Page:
Fall 1989 • Vol. XI No. 4 PoetryOctober 1, 1989 |

The Confusion of Planes We Must Wander in Sleep

I stood naked in the corner as my mother changed the wet sheets and clucked her tongue though spoke as kindly as she could, my father stirring angrily in the bed across the hall. Lost, my legs sheened in piss, I stumbled around, drugged with the kind of grieving children practice to survive. I was apart from the cold and the heavy smell. I was not attached to the world though I followed my young and weary mother into the timeless dark,              and tonight I pull my own son's blankets back and speak to him: how nice a dry bed will be, how good to get up without a fuss and go. I lift him to stand, his penis a wand waving its way magically before us, and something makes sense for once in my head, the way that what we pass on is not always a gift, not always grace or strength or music, but sometimes a burden, that we have no choice but to live as hard as we can inside the storm of our years and that even the weaknesses are a kind of beauty for the way they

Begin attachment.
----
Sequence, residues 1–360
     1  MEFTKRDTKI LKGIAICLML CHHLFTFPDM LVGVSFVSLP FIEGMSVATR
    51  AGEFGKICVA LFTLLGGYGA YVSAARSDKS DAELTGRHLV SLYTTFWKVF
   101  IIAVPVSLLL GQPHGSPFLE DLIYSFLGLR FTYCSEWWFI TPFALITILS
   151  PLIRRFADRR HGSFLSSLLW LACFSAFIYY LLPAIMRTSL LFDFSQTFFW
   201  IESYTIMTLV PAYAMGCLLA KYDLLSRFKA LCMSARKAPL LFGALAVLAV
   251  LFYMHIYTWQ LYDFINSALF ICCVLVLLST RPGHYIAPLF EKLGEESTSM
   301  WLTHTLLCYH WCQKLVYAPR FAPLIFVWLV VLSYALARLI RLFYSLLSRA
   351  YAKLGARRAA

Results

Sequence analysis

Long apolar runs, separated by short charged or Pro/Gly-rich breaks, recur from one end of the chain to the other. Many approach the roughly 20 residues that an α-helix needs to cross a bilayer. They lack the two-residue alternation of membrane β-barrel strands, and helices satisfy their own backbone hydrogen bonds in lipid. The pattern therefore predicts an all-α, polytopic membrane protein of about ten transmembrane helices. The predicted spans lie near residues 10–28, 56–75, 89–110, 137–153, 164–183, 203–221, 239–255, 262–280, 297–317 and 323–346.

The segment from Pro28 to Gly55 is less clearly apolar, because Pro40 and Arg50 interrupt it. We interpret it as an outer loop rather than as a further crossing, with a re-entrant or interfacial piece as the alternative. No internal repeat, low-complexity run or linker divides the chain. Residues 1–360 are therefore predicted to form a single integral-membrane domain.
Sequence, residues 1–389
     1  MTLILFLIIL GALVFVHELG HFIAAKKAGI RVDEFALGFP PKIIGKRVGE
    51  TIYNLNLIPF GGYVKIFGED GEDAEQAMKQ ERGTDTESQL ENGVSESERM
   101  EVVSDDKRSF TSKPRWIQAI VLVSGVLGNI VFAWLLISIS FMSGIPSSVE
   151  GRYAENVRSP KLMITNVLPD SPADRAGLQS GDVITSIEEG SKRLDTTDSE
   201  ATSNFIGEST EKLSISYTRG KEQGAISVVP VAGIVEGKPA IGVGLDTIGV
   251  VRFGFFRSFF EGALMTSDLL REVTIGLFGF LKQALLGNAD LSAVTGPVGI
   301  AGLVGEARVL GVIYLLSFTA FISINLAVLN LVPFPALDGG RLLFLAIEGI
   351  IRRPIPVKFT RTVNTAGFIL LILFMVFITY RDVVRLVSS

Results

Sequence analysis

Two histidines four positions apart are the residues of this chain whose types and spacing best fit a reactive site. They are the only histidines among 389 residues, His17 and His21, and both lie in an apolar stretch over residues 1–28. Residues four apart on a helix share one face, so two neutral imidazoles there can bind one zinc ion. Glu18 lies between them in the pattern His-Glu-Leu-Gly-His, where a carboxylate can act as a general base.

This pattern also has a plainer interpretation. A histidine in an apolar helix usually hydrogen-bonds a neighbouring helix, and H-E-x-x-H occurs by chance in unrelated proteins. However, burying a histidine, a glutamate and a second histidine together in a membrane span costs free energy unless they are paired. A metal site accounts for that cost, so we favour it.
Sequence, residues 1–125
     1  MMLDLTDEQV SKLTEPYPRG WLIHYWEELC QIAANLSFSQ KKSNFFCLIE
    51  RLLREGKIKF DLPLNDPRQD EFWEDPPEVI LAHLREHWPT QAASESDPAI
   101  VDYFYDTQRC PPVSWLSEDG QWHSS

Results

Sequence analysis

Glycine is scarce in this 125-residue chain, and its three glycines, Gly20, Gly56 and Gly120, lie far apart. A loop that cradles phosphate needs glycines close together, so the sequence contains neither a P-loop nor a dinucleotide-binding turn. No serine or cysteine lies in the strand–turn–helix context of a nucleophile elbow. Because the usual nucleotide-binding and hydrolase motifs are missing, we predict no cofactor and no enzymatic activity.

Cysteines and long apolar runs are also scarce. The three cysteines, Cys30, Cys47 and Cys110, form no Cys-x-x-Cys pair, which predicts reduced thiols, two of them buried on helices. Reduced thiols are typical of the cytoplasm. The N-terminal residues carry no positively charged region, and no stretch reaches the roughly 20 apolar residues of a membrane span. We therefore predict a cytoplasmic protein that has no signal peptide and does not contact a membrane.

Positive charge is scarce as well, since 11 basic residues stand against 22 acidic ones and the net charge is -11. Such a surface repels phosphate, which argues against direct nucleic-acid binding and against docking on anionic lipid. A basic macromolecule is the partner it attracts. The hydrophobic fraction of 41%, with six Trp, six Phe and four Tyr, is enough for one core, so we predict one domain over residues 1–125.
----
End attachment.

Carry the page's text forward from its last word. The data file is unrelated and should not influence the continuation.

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My Waiting Brain

By Bruce Weigl

I stood naked in the corner as my mother changed the wet sheets and clucked her tongue though spoke as kindly as she could, my father stirring angrily in the […]

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